Saturday, August 7, 2010

Sometimes a Blender is Worth Fixing Too

Week three is finished in Roatan, and I’m feeling more and more adjusted to how to live and work here.  Jens and I have got our routine down (more or less) and figured out what we can and can’t eat, where to spend the afternoons, and how much the taxi drivers should really be charging us from place to place.  It’s not uncommon for a taxista to see two touristy-looking gringos and go for the higher price tag, but fortunately we’ve learned to haggle it down a little.  Also, one of the doctors at Global Healing was generous enough to let me borrow a camera for the remainder of the trip, so I can share a few now.

On Wednesday, we made a change of pace by spending the day at an independent, not-for-profit clinic on the island, “Clinica Esperanza,” with esperanza translating as “hope.”   The public hospital in Coxen Hole is government operated, the only one here, but there are a handful of other smaller, private clinics, some for-profit and others non-profit.  Through a contact at Coxen Hole, we arranged to spend the day with them, spending most of the day working with some sphygmomanometers and infant incubators. With these incubators, we ran into the same problem as most of those in Coxen Hole—completely functional(sometimes after a minor repair) but simply too loud.  The heating element and fan continue to work, but with age the fan motor slowly becomes louder and louder, and the low hum can do some long-term damage to the baby’s ears.  While we lubbed up the motors, it doesn’t do much for the sound issue.  At any rate, it was refreshing to have a change of location.  In traditional island style, work wrapped up for the clinic and for us around 3PM in the afternoon ;-)

During lunch on this day, we walked down the street to a little restaurant known as Tortilla Heaven, home of the “Tortizza,” a small pizza baked on a torilla shell.  For 30 lempiras ($1.62) we get a little piece of heaven—a small pizza about the size of a personal pizza from any of the major chains, but this definitely had a more home-cooked taste, and an unusually low price for the island.  However, when we ordered smoothies to go with the drinks, the blender, probably twice my age, didn’t budge.

So….after work we came back, tools in hand, and went straight to taking it apart.  It was simple to fix, a little corrosion blocking a contact, but fixing it got us not only a free smoothie but another free tortizza each.  I’ll admit it is not nearly so valuable as a piece of medical equipment, but none of the medical equipment repairs we’ve made have felt quite this rewarding ;-)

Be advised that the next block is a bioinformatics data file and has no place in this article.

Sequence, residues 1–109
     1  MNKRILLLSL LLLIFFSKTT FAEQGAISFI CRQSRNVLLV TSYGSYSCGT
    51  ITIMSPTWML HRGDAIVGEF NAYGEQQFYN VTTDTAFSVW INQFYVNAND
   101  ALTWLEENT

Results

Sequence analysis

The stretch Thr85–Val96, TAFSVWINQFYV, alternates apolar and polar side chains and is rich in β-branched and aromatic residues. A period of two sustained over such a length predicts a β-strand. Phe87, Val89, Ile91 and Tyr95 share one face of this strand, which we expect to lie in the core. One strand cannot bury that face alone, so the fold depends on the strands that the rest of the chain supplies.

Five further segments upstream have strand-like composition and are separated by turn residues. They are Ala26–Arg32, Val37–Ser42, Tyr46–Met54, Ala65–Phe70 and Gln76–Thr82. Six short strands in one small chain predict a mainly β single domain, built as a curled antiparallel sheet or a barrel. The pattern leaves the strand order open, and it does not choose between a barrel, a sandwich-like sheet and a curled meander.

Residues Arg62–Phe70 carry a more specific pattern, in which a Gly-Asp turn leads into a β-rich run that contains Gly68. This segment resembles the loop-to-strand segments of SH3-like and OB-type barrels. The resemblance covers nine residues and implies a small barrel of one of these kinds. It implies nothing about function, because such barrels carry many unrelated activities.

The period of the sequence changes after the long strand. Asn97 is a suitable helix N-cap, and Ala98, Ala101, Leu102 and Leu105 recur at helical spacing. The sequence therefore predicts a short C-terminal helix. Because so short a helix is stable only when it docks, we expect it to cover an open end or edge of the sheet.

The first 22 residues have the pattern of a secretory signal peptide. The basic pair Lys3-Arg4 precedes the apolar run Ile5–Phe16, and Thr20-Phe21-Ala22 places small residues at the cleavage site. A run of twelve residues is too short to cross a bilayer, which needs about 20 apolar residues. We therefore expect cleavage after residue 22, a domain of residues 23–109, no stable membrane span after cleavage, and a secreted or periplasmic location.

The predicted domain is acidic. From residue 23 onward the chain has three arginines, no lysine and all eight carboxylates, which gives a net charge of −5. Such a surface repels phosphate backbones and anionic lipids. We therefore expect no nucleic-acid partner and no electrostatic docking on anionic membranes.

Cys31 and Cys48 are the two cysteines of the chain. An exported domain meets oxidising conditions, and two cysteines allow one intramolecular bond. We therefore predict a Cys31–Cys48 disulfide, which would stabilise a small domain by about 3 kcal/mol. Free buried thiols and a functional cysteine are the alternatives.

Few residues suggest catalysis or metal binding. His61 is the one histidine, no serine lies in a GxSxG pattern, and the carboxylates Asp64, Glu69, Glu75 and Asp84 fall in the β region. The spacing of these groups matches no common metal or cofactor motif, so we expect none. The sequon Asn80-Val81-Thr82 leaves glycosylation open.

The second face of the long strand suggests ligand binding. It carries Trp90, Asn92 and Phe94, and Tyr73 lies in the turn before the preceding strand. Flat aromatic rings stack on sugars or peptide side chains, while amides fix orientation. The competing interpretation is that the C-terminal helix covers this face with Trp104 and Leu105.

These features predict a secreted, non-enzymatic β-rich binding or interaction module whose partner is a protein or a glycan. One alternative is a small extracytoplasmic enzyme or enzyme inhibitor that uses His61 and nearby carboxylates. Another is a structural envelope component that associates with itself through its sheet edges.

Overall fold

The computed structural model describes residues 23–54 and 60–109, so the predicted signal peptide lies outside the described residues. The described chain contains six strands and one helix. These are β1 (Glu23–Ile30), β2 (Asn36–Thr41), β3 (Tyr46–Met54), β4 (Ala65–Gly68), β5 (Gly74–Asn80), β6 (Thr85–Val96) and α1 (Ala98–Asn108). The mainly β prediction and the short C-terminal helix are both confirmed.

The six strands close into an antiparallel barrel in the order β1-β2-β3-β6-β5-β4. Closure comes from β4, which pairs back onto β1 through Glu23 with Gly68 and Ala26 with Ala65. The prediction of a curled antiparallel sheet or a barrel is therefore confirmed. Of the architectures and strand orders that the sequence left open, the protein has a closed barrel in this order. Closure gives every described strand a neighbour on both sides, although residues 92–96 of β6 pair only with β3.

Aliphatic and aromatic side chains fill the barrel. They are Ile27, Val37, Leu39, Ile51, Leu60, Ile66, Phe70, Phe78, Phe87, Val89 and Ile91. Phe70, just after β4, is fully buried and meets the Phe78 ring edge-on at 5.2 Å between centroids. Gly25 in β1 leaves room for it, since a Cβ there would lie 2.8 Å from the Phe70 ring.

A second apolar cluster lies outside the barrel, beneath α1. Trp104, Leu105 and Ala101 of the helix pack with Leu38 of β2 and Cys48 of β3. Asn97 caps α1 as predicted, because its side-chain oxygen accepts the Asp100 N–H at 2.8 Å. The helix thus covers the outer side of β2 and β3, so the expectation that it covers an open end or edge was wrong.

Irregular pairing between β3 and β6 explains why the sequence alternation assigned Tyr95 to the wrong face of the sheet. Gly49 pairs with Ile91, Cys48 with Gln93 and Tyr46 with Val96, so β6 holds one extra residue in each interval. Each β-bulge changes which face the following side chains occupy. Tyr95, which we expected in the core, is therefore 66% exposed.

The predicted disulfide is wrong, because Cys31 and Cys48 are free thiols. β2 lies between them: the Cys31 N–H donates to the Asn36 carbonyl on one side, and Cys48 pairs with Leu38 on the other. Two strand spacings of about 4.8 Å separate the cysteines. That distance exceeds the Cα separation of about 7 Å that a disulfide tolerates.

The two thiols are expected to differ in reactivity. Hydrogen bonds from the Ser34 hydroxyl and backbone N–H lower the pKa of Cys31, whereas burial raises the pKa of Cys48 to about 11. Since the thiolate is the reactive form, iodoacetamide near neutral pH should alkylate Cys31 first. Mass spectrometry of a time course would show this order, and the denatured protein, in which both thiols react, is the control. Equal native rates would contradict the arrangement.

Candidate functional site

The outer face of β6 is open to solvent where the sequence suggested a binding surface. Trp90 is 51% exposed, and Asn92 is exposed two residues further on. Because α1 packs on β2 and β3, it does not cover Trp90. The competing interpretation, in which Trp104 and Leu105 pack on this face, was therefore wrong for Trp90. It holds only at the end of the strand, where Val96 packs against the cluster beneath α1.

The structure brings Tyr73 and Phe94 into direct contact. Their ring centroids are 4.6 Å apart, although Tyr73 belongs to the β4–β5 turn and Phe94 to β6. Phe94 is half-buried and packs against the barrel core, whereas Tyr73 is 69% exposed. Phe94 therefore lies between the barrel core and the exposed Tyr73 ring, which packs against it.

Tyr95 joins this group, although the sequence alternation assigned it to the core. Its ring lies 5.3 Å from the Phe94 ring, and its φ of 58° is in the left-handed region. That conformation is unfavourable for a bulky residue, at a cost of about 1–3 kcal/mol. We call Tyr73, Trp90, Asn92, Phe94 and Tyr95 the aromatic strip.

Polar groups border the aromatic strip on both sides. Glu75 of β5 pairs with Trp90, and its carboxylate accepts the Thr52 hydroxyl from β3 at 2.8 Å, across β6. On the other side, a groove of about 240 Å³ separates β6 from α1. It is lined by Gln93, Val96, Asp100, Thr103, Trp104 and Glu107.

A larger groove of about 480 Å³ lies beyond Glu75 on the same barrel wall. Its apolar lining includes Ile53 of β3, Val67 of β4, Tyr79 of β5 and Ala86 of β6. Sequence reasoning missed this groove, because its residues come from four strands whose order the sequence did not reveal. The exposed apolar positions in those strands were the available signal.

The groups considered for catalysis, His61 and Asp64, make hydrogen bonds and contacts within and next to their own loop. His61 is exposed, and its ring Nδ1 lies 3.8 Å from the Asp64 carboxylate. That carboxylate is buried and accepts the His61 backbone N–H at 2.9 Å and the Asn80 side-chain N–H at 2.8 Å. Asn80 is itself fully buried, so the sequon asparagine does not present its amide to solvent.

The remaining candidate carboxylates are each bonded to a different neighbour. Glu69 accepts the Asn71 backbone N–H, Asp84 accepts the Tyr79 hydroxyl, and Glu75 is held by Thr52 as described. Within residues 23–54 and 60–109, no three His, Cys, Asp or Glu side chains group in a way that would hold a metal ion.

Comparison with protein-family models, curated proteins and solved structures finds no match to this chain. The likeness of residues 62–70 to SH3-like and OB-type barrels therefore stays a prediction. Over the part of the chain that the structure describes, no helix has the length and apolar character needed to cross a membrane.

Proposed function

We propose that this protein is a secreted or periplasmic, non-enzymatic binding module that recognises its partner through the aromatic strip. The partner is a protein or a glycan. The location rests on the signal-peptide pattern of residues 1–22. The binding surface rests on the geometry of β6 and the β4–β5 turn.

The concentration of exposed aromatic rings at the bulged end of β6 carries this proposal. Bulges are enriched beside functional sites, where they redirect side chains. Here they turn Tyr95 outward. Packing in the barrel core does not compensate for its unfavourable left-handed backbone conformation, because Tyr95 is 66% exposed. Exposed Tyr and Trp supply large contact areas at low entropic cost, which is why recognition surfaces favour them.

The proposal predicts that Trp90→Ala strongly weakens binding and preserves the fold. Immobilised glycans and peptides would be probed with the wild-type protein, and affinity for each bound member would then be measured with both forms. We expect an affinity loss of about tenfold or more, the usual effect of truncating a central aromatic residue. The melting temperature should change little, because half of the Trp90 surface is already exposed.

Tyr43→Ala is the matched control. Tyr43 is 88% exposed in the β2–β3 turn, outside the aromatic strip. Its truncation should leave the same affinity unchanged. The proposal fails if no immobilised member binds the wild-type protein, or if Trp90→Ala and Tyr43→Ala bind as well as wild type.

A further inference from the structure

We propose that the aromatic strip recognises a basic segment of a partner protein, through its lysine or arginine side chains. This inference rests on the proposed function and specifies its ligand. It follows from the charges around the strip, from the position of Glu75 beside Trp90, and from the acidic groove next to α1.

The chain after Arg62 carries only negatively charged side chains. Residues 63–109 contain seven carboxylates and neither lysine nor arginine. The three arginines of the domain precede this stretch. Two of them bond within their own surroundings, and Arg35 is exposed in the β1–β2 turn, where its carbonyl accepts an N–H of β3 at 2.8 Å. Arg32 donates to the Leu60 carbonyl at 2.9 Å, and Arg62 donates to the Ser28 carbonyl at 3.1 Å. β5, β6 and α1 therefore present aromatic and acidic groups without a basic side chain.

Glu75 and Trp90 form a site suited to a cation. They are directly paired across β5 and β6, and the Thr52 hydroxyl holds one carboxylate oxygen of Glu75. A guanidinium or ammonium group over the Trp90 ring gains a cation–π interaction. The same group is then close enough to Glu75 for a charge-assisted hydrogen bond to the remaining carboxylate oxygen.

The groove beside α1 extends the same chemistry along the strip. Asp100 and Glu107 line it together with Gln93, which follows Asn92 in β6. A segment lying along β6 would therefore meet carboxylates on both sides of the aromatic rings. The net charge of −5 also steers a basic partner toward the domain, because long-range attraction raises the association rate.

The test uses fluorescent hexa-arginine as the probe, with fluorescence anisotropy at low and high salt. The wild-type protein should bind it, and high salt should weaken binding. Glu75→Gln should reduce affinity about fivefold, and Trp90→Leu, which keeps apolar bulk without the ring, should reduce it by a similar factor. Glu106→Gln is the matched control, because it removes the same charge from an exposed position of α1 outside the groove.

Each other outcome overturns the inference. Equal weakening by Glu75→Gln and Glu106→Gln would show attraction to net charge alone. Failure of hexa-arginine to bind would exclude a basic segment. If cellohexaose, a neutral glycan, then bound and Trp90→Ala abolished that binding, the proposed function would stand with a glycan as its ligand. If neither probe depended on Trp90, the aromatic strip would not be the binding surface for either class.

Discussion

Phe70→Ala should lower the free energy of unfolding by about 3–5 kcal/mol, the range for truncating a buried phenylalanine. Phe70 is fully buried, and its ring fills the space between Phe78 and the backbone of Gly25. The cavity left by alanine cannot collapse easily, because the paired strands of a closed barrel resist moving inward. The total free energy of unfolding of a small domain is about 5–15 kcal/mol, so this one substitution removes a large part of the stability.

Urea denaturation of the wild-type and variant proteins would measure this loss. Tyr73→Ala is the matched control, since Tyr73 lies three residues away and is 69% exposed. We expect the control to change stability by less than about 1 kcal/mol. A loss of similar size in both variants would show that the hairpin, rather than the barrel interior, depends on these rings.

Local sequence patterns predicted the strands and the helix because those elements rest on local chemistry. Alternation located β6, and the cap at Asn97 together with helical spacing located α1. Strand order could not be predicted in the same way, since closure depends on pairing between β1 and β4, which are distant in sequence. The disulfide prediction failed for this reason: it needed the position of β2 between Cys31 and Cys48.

At Coxen Hole, we’ve made a few notable repairs.  So many times, the machine just needs to be taken out of the box in storage, cleaned a bit, and set back into action, but we’ve come across a few things a bit more challenging.  One was an ultrasound probe, the only one in the hospital, which required some ultra-fine soldering.  Jens and I have both done some soldering, and practiced a little more last month in Costa Rica, but I have never worked with wires so fine.  Even though it’s back to working order, the accuracy is still a little questionable.  So, I looked up the price of a new one online, and through the manufacturer this comes with a price tag of $695.00 US.  So, if we’ve saved that for them, then I’ll feel pretty good. 

Here’s a picture of us working an ESU machine, used in place of a scalpel to cauterize blood vessels during a surgery, leading to less bleeding and faster healing time for the patient.  The testing unit we’re using is one of a few EWH inventions groups have taken along for the trip.

What we have encountered more than a few times is a lack of parts.  Of course, being on an island makes shipping a much longer process, and the advice I’ve received from others on top of that is to not bother even shipping replacement medical supplies because the chances of seeing it reach the final destination are slim to none.  It is more likely to wind up on a shelf or be sold somewhere along the way.  So this is a challenge, but we may be able to purchase parts with some of the money allotted to us from EWH that doctors at Global Healing can bring with them in their luggage on subsequent trips.  I feel like I’m constantly discovering more and more devices at the hospital now that arrived here this way.

Over the weekend we took a trip with the other Honduran teams to the Mayan ruins In Copan.  I didn’t expect to make a trip so far into the mainland throughout our time here, but I’d say it was worth the haul.  Being on the touristy island, we don’t get to see much of the real Honduras.  I might be a litte jealous of the cheap prices the others get there for food, travel, and the daily expenses. The Copan Ruins were no doubt impressive.  Here’s a couple pics:

At the end of next week, we’ll head to Managua, Nicaragua, to meet up with the others for the concluding conference.  Some teams will present a traditional PowerPoint presentation and others, like us, will be presenting posters in the traditional conference style—with the final product setup for onlookers to roam around freely and ask us for the spiel.  There’s only one week left before heading home, and I think by that time I’ll be ready for it. I’ll hope this final week wraps up well.

Hasta luego!

Thursday, July 29, 2010


One of the ironies of travel blogging is that when we have the most to write about, we generally have the least time to write about it.  It has been an adventure adjusting to Roatan, to say the least!